a tracking actuator,

means for generating a tracking error signal,

tracking servo means for compensating an offset and an amplitude error of the tracking error signal and generating a drive signal for said tracking actuator in accordance with the compensated tracking error signal,

a focus actuator,

means for generating a focus error signal,

focus servo means for compensating an offset of the focus error signal and generating a drive signal for said focus actuator based on the compensated focus error signal,

means for issuing a track jump command to said tracking servo means to follow a given track,

means for transferring the value in which a positive value is added to the previously obtained offset value of the focus error signal to said focus servo means during at least one track jump in said track following mode,

means for transferring the value in which a negative value is added to said previously obtained offset value of the focus error signal to said focus servo means as an offset value during at least one track jump in said track following mode,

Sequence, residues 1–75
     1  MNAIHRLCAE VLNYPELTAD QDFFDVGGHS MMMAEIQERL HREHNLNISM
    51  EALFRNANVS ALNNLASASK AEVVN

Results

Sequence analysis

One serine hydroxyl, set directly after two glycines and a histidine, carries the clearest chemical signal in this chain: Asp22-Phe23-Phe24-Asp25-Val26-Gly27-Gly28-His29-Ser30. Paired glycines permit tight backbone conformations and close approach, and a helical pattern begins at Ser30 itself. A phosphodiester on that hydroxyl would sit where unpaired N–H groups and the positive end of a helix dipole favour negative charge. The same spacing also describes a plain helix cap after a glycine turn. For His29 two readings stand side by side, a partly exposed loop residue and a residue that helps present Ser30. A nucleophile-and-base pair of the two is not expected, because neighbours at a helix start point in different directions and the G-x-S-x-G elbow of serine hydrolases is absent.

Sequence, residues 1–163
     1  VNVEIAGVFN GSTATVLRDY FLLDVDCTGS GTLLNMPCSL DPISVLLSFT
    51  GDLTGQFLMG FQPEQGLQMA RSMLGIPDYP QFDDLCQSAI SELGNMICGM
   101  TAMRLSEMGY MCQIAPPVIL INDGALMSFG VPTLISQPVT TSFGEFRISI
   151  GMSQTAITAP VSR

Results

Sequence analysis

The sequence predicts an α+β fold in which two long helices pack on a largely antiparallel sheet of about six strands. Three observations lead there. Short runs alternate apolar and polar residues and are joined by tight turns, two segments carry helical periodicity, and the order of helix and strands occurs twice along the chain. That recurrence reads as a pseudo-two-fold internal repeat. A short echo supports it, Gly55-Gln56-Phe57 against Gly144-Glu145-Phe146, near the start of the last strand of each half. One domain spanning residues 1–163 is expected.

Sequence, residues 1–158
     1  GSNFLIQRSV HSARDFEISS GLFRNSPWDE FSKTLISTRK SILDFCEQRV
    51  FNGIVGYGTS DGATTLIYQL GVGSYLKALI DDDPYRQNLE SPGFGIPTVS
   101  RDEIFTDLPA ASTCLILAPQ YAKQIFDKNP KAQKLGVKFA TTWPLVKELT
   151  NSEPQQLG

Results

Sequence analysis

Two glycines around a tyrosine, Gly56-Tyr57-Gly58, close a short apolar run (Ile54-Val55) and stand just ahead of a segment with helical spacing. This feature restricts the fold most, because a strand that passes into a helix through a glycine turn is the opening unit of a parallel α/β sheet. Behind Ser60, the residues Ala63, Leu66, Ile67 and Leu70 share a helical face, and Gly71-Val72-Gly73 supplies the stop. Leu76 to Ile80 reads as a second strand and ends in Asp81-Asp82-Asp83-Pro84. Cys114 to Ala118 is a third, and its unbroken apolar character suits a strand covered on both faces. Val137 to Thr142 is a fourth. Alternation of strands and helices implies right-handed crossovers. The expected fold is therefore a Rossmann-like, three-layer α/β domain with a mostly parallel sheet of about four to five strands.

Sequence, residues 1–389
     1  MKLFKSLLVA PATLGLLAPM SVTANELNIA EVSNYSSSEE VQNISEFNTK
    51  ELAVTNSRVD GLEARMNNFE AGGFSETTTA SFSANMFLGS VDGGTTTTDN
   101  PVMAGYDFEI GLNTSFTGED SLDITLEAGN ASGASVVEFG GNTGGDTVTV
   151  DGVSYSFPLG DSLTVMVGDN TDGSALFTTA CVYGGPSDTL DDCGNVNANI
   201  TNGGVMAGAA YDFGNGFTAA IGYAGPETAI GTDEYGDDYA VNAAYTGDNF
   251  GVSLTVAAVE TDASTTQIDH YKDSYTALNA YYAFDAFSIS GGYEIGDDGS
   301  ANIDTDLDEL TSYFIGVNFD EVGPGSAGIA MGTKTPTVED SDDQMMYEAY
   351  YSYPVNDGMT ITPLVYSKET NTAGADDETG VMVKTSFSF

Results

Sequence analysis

means for transferring said previously obtained offset value of the focus error signal to said focus servo means without modifying it during at least one track jump in said track following mode,

means for calculating a new offset value of the focus error signal based on the amplitude of a tracking error signal generated at a track jump performed by modifying the offset value of the focus error signal in said track following mode, and

means for calculating new values of offset and amplitude error of the tracking error signal based on the maximum value and the minimum value of tracking error signal generated at a track jump performed without modifying the offset value of the focus error signal in said track following mode.

An optical disk drive of the invention further stores the output of said calculation means in a memory location which is determined by the address of said given track and uses it in the next calibration.

According to the invention, an optical disk drive detects errors (offset and amplitude error) of the focus error signal and the tracking error signal during at least three track jumps by making use of a track jump performed once per rotation of the disk in the track following mode. Furthermore, the influence of noise is removed by combining the newly detected error with the previously detected value.